Using a MSBuild Script in TeamCity
June 4, 2011
This post picks up where the previous post, Running Unit Tests With TeamCity, left off. If you haven’t read it yet, read it first.
The first post in this series showed how you can run unit tests (using NUnit) in TeamCity by creating a build configuration and configuring two build steps, namely:
- Compile the code using the MSBuild build runner
- Run the unit tests using the NUnit build runner
This post shows how you can replace both of these steps by one single step which executes all of these actions using a MSBuild script.
Let’s start by creating a simple MSBuild script that allows us to compile our solution. I’m still using the same sample application (PeopleFinder) as in the first post of this series.
Create a new text file called “PeopleFinder.build” and save it in the directory that contains the solution file (*.sln) of your project.
Open the file in notepad (or Visual Studio) and add the following contents to it:
<Project xmlns="http://schemas.microsoft.com/developer/msbuild/2003"> <PropertyGroup> <WorkingFolder>$(MSBuildProjectDirectory)</WorkingFolder> <Configuration>Release</Configuration> <SolutionFile>Moq.sln</SolutionFile> </PropertyGroup> <Target Name="BuildAll" DependsOnTargets="Compile" /> <Target Name="Compile"> <Message Text="=== COMPILING $(Configuration) configuration ===" /> <MSBuild Projects="$(SolutionFile)" Properties="Configuration=$(Configuration)" /> </Target> </Project>
Inside of the PropertyGroup node a few properties are defined:
- WorkingFolder: The $(MSBuildProjectDirectory) reserved property is the absolute path of the directory where the project file is located, for example, C:\Projects\PeopleFinder.
- Configuration: The type of build to compile (debug, release…etc.).
- SolutionFile: The name of the solution file (*.sln).
You can also see that two targets are defined in the build script. A target contains a set of tasks for MSBuild to execute sequentially. The target called Compile specifies that MSBuild should compile the solution specified by the SolutionFile property using the configuration set by the Configuration property. In other words, MSBuild should compile a release build of the Moq.sln solution. The BuildAll target executes the Compile target. This will come in handy later on.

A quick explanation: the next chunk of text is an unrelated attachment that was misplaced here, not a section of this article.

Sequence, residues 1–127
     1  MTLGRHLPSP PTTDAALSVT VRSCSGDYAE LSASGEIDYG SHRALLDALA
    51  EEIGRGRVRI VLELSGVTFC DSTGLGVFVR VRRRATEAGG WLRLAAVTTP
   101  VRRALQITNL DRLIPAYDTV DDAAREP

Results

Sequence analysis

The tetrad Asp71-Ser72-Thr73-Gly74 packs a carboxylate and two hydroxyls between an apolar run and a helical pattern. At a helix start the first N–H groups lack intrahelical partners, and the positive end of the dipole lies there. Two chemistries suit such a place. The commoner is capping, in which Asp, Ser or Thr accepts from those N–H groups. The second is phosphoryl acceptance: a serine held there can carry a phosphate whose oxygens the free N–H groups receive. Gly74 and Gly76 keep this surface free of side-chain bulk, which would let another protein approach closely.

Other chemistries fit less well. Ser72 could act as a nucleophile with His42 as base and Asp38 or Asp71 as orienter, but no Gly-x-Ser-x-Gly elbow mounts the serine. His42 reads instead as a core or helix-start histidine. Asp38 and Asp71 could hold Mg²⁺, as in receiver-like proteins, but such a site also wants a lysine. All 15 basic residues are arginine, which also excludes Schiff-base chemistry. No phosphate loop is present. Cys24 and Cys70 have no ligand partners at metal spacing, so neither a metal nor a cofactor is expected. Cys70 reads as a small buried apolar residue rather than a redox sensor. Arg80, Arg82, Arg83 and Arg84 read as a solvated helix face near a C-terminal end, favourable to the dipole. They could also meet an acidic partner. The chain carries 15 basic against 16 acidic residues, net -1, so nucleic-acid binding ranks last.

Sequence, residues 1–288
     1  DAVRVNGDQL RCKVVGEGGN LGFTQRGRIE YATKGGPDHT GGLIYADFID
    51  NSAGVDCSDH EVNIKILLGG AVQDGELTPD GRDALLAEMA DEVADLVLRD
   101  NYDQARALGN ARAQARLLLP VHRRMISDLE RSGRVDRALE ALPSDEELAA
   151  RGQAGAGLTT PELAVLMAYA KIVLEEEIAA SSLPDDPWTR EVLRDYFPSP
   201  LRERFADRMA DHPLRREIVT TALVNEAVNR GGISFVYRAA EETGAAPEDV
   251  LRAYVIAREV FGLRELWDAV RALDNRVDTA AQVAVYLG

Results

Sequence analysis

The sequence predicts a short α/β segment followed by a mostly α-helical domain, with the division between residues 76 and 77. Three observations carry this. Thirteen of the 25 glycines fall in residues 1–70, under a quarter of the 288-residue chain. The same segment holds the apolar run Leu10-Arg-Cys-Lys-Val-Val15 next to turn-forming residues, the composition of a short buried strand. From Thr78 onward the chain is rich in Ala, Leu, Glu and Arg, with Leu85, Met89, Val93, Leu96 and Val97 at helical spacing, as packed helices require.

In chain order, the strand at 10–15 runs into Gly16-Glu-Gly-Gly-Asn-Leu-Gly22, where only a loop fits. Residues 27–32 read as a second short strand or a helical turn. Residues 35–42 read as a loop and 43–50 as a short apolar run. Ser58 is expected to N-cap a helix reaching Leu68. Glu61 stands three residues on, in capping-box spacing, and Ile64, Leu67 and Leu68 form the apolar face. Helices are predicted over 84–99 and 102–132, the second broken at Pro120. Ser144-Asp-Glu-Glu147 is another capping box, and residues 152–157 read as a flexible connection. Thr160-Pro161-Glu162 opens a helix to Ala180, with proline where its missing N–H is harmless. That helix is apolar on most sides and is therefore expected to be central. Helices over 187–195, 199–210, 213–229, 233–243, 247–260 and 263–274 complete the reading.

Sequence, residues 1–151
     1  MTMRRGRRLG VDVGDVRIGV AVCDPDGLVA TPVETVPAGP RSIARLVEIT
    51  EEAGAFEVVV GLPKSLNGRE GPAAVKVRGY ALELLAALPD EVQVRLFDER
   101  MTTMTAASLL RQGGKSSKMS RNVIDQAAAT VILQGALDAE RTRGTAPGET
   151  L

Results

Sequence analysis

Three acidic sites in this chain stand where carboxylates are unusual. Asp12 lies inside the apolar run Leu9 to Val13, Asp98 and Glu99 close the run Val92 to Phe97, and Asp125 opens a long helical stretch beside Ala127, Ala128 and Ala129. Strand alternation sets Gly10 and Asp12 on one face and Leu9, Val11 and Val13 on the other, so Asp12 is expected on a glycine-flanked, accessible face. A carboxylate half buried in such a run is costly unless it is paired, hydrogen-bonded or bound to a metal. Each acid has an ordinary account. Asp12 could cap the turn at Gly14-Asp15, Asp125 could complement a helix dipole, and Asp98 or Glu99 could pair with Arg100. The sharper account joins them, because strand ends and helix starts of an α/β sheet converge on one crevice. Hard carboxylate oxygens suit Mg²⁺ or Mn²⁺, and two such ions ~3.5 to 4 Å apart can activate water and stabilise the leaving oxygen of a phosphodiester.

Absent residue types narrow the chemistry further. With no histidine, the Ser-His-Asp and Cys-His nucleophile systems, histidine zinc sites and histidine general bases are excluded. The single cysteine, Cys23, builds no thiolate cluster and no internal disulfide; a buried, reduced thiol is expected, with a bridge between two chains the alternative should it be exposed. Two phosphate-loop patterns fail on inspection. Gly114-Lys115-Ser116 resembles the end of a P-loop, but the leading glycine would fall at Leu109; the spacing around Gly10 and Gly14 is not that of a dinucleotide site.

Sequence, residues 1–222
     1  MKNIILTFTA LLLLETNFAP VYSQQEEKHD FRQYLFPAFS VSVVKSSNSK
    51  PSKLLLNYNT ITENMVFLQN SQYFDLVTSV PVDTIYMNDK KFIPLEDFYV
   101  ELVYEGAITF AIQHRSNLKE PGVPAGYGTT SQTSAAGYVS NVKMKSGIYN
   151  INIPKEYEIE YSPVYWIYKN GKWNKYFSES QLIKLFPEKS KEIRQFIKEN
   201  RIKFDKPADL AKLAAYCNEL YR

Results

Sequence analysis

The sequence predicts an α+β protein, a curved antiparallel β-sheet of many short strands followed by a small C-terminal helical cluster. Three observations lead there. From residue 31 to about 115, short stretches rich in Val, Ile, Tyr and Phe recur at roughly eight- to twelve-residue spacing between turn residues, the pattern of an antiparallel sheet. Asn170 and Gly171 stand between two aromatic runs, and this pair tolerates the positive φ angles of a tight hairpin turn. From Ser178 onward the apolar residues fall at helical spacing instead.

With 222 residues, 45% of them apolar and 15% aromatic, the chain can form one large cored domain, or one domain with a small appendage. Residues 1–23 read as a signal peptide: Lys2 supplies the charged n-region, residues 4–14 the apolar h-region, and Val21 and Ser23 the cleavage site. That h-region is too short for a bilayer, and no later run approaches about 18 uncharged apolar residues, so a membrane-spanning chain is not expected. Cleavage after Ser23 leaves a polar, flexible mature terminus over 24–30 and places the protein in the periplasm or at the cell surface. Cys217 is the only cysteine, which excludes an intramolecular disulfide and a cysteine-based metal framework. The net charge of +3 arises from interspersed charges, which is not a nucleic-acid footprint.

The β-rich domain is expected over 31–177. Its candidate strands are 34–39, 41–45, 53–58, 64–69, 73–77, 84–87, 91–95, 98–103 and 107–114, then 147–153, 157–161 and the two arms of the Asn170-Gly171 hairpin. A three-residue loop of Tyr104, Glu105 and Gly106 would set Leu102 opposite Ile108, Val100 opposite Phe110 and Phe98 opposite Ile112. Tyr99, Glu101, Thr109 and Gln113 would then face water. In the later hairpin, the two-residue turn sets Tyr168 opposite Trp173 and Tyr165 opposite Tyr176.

Make sure to check-in the build file!
Now we need to configure our build configuration in TeamCity so that it executes the tasks defined in the MSBuild script. Go to the administration section of TeamCity and click edit next to your build configuration.
Go to step 3 (build steps) of the configuration steps.
Delete the second build step (“Run Unit Tests”) which you created during the first post of this series. Next edit the first build step:
- Rename the build step to “Run a MSBuild Script”
- Point the “Build file path” to the MSBuild script (e.g. PeopleFinder/trunk/PeopleFinder.build)
- Set the “Targets” property to “BuildAll”
- Click Save
If you run the build configuration it will execute your MSBuild script.
But as you can see, no unit tests were executed! Let’s fix this.
Time to edit the MSBuild script once more. Open it up in your favorite editor and alter it until it look like the one below:
<Project xmlns="http://schemas.microsoft.com/developer/msbuild/2003"> <PropertyGroup> <WorkingFolder>$(MSBuildProjectDirectory)</WorkingFolder> <Configuration>Release</Configuration> <SolutionFile>Moq.sln</SolutionFile> <NUnitPath>$(WorkingFolder)\packages\NUnit.18.104.22.16892\tools</NUnitPath> </PropertyGroup> <Target Name="BuildAll" DependsOnTargets="Compile;Test" /> <Target Name="Compile"> <Message Text="=== COMPILING $(Configuration) configuration ===" /> <MSBuild Projects="$(SolutionFile)" Properties="Configuration=$(Configuration)" /> </Target> <Target Name="Test"> <ItemGroup> <TestAssemblies Include="**\PeopleFinder.exe" Exclude="**\obj\**;**\packages\NUnit.22.214.171.12492\**" /> </ItemGroup> <Message Text="=== RUNNING UNIT TESTS ==="/> <NUnit Assemblies="@(TestAssemblies)" ToolPath="$(NUnitPath)" DisableShadowCopy="true" /> </Target> </Project>
I added one new property called NUnitPath which points to the NUnit executable directory. I downloaded NUnit via NuGet so it’s located in a folder called “packages” which resides at the same level as my solution file. I checked it into Subversion together with the rest of the solution.
Then I created a new target (Test) and informed the BuildAll target that it should first run the tasks defined in the Compile target followed by those of the Test target.
The Test target instructs NUnit where it can find the assemblies that contain the unit tests (Include) and the assemblies which it should ignore (Exlude). Then it simply instruct NUnit (NUnitPath) to run those unit tests.
Remark: NUnit needs to ignore its own unit tests otherwhise your builds will fail.
If you run the build configuration once more, you’ll notice that the tests are executed again.
Voila, now your TeamCity build configuration only contains one single build step which executes all of the tasks defined in an MSBuild script. This script will come in handy in the following parts of this series as we can add additional tasks to it without the need to alter our TeamCity build configuration.